join the Linked in group
Once upon a time, many, many moons ago, in the days of old, in the rooms of the Inn, in the city of yonder, the time-honored, habitually-replicated, customary conference experience was basically always the same.
It was one-directional, from organizers to attendees.
Today, meeting professionals can select from a variety of conference models to customize the experience. Here are four conference model options.
In the past, conference organizers constructed a schedule, selected a few orators, sold empty exhibit hall space to those peddling their wares, packaged the entire thing and pushed it out to potential buyers. The goal was to attract a buying audience that would consume the event.
The only way the audience could communicate with conference organizers was through smile-sheet evaluations or talking with a conference rep. When the organization decided it wanted to know how attendees felt about something, they hired a company to conduct market-research.
The conference experience was vertical, one-directional, from the organization and its speakers to the attendees. The attempt was to control the conference experience, the message and ultimately, what the audience was thinking.
Then some savvy meeting organizer felt that the conference experience lacked something. The audience needed a way to ask speakers questions.
Organizers made a slight adjustment to the process allowing some in the audience to ask the speaker a question. A handful of the audience suddenly had a voice. The “Question and Answer” time was born.
The conference experience was still mostly vertical, one-directional, from the organization and its speakers to the attendees. But it had evolved from a monologue to a minor, rudimentary dialogue with a few chosen ones.
The organization still attempted to control the conference experience and message for their audience.
In the early days of the Internet, people connected and problem solved online. Thus, a collaborative, audience-centric conference model began to grow.
In 1993 the Open Space Technology (not related to technology) conference model was born. In OST conferences, participants create and manage their own agendas around core themes, usually decided once on site.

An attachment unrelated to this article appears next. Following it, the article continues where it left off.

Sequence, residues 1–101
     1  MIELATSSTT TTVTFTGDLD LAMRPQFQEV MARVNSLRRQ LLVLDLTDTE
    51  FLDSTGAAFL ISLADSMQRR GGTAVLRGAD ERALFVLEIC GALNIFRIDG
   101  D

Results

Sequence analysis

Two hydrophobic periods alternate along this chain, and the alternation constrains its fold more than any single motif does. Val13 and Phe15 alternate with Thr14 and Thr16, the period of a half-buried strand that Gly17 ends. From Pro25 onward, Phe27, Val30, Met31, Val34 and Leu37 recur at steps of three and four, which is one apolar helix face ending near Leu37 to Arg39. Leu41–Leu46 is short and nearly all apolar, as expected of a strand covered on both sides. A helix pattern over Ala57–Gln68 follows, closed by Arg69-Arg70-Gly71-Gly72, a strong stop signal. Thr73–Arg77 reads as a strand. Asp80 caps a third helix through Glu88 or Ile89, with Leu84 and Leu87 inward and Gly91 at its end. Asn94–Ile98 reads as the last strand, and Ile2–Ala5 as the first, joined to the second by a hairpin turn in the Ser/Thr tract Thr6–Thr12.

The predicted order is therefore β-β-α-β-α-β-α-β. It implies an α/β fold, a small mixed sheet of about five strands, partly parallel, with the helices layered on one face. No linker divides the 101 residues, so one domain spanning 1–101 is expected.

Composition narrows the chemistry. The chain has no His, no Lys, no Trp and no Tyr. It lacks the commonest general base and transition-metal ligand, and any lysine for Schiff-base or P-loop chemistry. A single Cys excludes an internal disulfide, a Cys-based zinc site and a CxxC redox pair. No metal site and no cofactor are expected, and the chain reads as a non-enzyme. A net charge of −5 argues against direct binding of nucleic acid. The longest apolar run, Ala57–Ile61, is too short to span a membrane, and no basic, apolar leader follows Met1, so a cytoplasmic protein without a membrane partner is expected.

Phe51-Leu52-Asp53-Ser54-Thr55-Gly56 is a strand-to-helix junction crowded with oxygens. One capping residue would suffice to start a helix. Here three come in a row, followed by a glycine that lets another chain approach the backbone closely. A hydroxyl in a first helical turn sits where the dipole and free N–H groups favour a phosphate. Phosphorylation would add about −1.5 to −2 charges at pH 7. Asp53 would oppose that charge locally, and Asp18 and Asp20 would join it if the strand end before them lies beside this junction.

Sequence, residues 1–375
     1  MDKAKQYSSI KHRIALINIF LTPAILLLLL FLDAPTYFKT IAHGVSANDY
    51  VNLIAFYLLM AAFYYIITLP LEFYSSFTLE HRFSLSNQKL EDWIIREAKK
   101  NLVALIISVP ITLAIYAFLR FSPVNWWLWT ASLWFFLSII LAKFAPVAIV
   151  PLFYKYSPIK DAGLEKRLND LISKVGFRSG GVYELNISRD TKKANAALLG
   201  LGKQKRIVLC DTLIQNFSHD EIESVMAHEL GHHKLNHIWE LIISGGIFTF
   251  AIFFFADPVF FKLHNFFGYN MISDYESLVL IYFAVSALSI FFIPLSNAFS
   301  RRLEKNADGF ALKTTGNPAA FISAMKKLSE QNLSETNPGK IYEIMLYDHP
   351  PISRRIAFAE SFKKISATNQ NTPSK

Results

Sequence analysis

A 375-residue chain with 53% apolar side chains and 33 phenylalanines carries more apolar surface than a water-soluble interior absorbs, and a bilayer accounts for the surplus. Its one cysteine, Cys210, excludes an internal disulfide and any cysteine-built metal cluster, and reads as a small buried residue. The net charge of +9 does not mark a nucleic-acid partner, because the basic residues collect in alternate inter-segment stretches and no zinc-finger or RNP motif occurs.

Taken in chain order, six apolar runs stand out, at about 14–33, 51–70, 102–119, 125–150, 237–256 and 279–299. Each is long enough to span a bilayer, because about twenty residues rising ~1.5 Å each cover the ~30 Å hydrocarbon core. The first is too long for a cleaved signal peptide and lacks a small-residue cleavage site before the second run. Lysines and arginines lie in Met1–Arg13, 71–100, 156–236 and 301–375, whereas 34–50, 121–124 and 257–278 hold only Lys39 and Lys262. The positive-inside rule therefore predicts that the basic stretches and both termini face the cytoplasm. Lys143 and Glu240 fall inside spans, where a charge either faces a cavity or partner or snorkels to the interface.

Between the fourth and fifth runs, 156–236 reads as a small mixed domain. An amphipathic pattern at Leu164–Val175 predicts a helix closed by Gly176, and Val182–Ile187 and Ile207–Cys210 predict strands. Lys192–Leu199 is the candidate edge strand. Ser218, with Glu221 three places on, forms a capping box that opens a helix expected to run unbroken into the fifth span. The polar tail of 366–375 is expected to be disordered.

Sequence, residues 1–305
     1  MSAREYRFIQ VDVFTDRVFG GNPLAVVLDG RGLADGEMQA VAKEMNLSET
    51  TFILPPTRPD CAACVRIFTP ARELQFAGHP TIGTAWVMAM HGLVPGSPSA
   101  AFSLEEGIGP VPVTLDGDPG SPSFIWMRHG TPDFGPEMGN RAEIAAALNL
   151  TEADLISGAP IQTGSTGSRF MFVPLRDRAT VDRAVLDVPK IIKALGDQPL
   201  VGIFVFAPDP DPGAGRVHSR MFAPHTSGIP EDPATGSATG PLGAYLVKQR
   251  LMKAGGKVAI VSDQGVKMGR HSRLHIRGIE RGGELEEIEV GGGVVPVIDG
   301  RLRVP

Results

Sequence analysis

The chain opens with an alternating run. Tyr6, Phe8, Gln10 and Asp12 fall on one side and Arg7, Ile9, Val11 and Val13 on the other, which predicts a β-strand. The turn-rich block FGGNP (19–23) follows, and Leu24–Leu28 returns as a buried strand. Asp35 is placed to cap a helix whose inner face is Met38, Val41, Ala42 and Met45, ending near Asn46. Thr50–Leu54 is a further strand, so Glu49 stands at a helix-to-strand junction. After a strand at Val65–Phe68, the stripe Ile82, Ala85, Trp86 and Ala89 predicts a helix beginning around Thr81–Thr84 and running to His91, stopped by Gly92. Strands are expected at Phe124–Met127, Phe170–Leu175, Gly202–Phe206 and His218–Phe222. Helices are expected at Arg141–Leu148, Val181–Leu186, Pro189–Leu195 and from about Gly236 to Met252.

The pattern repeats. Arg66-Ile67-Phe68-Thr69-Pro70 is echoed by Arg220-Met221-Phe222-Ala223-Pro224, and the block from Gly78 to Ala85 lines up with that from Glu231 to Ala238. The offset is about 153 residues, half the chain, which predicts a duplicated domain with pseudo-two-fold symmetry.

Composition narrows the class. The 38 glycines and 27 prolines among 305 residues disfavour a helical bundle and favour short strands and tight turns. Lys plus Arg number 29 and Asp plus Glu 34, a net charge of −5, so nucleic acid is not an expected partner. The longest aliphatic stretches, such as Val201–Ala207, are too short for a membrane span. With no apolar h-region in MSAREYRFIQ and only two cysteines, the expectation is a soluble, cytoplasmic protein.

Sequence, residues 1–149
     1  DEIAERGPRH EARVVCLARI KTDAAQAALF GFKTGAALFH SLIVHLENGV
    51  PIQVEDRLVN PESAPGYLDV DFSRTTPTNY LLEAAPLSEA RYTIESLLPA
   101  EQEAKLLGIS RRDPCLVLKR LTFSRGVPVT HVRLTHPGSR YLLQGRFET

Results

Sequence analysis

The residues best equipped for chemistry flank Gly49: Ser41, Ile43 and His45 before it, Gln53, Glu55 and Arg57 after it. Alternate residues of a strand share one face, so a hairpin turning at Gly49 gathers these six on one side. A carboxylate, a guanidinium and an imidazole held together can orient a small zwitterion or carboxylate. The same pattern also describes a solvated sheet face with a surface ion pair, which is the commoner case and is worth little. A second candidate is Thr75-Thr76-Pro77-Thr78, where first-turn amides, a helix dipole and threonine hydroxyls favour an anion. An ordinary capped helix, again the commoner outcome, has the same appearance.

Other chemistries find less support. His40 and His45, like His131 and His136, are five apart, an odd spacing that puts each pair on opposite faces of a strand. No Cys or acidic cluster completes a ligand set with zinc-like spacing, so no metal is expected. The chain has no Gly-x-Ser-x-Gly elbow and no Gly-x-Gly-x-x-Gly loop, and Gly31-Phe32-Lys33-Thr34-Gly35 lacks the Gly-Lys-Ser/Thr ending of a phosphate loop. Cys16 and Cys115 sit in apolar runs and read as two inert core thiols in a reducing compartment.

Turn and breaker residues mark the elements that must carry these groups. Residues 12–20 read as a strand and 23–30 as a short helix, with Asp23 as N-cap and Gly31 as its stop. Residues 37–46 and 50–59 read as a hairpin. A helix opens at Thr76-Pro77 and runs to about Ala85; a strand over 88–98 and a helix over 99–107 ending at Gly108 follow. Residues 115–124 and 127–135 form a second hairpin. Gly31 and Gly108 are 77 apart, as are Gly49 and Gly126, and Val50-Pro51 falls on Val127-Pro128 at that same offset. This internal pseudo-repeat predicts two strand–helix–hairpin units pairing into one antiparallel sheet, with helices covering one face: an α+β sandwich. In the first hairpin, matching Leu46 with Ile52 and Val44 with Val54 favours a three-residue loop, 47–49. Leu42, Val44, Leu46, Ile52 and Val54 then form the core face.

A decade later, Unconferences and “Bar Camps” gained notoriety. Also known as a Peer Conferences , likeminded individuals gathered to share and learn from each other instead of the organization’s contracted speaker.
Audiences discovered they had a voice. Communication was primarily horizontal from attendee to attendee without the organization’s involvement. Speakers were no longer needed as the audience was the expert. The organization’s role was to secure a venue and manage registration and meals. The schedule, content and experience were designed by participants.
Organizations had no control and very little influence on the message, the content and the experience.
As Web 2.0 grew, people became accustomed to a more collaborative, participatory, online experience. The rise of social networks, the ability to create (content, comments, posts, videos) and the opportunities to participate with each other online created a unique customized experience.
Because of the horizontal engagement forces online, people expected the same thing in the face-to-face experience. Audiences demanded that they have a voice during conferences or took them online via mobile devices for the world to see. Suddenly, audiences had a new influence as word-of-mouth of the conference experience scaled easily.
The Multi-Directional Engagement conference experience took the best from both horizontal and vertical models. Conference organizers created central themes of strategic importance for the experience. They curated content and secured the best thought leader-speakers whose messages aligned with the strategic threading. Not satisfied with just a speaker monologue, organizers intentionally designed additional peer-driven experiences that allowed participants to discuss and reflect on strategic issues.
The organization realized it could influence the message, the audience and the experience instead of trying to control it. Organizers saw attendees as active participants and not passive audiences.